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Lasalle Park Pavillion – An iconic fixture in Aldershot

December 2019

The LaSalle Park Pavilion has been a fixture in the park in the Aldershot area of Burlington, Ontario, for 102 years.

The park, originally called Wabasso Park, was re-named in 1923 in honour of René-Robert Cavelier, Sieur de La Salle, the 17th century French explorer who is said to have come ashore in the area in 1669.

The LaSalle Park Pavilion was built in the spring of 1917, in what was then the East Flamborough Township, on land owned by the City of Hamilton.

Hamilton continues to own the land to this day, leasing it to the City of Burlington for $1 a year.

The pavilion was the centre piece for the park that included an amusement park, one that featured a merry-go-round, a Ferris wheel, games area and a large figure 8 roller coaster. Other features of the park included picnic grounds, athletic fields, pony rides, a swimming beach, complete with a bathhouse built in 1922, and a ferry dock bringing passengers from as far away as Toronto.

Dances and other formal occasions were held in both the pavilion’s open-air lower floor terrace and enclosed upper floor ballrooms. Washrooms and storage areas were located in the basement.

By 1991, the LaSalle Park Pavilion was a shadow of its former self. The upper floor had been closed for years and all the windows had been boarded up. The lower floor terrace was closed to the public that same year.

The City of Burlington began the restoration of the deteriorating pavilion in 1994, but shortly after completing the main floor terrace and re-opening it in the spring of 1995, a massive fire destroyed the building on 19 May, leaving only the concrete basement intact.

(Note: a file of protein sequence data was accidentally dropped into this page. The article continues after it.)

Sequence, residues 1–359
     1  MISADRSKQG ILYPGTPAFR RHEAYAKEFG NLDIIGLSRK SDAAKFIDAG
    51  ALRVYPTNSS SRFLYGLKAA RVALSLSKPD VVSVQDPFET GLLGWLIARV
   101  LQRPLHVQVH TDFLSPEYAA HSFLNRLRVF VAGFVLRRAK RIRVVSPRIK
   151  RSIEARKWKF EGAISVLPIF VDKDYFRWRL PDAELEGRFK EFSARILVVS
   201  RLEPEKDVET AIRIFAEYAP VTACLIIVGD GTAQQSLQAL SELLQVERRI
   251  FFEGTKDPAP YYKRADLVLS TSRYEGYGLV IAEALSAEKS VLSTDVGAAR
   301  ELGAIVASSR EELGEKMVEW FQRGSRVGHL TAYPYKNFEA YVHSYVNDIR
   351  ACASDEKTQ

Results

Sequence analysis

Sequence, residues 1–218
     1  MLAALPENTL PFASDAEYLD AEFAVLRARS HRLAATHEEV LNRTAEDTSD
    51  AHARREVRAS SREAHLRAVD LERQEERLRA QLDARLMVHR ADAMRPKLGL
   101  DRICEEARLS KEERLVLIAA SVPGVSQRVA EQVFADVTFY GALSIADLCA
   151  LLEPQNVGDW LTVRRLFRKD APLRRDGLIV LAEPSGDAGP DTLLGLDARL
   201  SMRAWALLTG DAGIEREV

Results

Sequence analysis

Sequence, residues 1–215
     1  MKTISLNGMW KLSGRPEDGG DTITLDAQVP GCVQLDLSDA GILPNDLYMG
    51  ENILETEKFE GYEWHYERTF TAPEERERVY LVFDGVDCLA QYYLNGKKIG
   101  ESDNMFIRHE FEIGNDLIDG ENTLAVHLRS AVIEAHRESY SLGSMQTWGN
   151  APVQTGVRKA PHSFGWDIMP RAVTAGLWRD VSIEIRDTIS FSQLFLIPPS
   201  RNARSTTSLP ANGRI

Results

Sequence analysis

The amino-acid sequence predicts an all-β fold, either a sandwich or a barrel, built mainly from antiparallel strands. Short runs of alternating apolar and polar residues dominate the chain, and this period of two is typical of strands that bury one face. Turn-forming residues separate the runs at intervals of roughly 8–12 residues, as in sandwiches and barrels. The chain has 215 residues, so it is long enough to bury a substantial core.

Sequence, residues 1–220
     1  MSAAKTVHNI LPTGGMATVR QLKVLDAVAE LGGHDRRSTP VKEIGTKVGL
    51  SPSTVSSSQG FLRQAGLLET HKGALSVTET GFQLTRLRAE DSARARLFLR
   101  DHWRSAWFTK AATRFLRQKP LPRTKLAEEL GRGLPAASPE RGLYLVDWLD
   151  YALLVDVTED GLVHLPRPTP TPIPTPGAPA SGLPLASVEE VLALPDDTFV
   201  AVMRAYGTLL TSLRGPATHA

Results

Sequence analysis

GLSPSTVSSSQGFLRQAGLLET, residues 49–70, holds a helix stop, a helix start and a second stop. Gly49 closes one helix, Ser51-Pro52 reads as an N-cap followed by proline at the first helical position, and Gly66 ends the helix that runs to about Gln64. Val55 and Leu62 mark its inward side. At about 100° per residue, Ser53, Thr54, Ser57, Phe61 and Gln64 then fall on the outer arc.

Happily, though, just two short years later, an exact replica of the original pavilion was built, including the red tile roof. The long-vacant second floor was re-opened as a meeting and banquet facility.

Today, the LaSalle Banquet Centre operates out of the pavilion, offering catered weddings, business and family events and receptions for over 400 people in the Main Ballroom, Garden Terrace and the Bayshore Room.

LaSalle Park itself has also seen some change. While it’s still a favourite park for family picnics, swimming, sports and leisure activities, the amusement park disappeared almost a century ago, as did the bathhouse not long after; swimming at the park is restricted to a children’s wading pool and passenger ferries no longer arrive and depart from the waterfront. The City owned LaSalle Park Marina now surrounds the former Wabasso Park Dock.

Sources: https://www.tourismburlington.com/partner/lasalle-park-pavilion, https://www.burlington.ca/en/modules/facilities/Detail.aspx?CategoryIds=&FacilityTypeIds=&Keywords=lasalle&ScrollMap=true&id=e592e334-83d8-40e8-881a-b7929ddae9d2, https://www.lasallepark.ca, https://www.edgehospitality.ca/la-salle, http://cec.chebucto.org/ClosPark/LSP-Burl.html, https://www.burlington.ca/en/live-and-play/banquet-centres.asp, “The Prints of Aldershot – A photographic view of another era” by Gary Evans, “From Pathway to Skyway Revisited: The story of Burlington” by Claire Emery Machan & the personal recollections of the author (2019).

About the author

Bruce Forsyth

Bruce Forsyth served in the Royal Canadian Navy Reserve for 13 years (1987-2000). He served with units in Toronto, Hamilton & Windsor and worked or trained at CFB Esquimalt, CFB Halifax, CFB Petawawa, CFB Kingston, CFB Toronto, Camp Borden, The Burwash Training Area and LFCA Training Centre Meaford.

Permanent link to this article: https://militarybruce.com/lasalle-park-pavillion-an-iconic-fixture-in-aldershot/

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